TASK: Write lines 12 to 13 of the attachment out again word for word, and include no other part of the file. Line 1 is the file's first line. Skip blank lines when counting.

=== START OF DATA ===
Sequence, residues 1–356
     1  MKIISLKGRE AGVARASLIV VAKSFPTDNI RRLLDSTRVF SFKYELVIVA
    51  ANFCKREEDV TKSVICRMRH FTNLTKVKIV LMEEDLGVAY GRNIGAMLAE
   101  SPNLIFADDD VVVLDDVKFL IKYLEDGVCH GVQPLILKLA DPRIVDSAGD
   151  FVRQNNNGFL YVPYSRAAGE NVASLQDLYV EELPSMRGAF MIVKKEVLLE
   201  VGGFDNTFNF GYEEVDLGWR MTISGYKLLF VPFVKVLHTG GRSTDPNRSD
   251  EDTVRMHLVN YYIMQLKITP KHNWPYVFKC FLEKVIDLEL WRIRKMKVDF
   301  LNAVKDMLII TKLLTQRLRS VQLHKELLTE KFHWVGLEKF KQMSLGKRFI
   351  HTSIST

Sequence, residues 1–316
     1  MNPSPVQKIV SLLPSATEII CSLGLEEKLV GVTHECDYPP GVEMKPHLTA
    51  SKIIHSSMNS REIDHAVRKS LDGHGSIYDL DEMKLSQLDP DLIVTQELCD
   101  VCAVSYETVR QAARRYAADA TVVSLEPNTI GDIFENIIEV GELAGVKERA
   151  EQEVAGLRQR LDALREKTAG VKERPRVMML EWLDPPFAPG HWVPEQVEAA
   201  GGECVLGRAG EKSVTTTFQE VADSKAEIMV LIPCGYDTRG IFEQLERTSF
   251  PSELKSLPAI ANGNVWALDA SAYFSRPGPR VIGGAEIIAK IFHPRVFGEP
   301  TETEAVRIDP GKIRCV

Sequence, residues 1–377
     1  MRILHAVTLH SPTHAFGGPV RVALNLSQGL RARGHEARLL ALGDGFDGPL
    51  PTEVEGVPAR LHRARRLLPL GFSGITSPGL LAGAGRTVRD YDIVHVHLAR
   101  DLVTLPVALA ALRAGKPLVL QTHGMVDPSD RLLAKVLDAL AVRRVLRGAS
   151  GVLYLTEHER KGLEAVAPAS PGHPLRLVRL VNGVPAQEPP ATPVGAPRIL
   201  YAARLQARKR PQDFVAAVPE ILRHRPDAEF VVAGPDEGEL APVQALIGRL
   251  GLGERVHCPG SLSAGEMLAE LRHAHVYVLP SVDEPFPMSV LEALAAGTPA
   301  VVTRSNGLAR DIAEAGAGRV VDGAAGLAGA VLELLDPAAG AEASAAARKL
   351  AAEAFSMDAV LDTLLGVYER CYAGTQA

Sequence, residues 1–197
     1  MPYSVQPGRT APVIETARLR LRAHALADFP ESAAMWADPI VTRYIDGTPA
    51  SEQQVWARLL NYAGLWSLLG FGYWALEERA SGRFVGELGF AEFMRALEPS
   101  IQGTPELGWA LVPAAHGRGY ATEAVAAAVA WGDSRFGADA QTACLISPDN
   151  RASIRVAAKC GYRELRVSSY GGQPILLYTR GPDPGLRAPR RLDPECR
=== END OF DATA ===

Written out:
    51  SKIIHSSMNS REIDHAVRKS LDGHGSIYDL DEMKLSQLDP DLIVTQELCD
   101  VCAVSYETVR QAARRYAADA TVVSLEPNTI GDIFENIIEV GELAGVKERA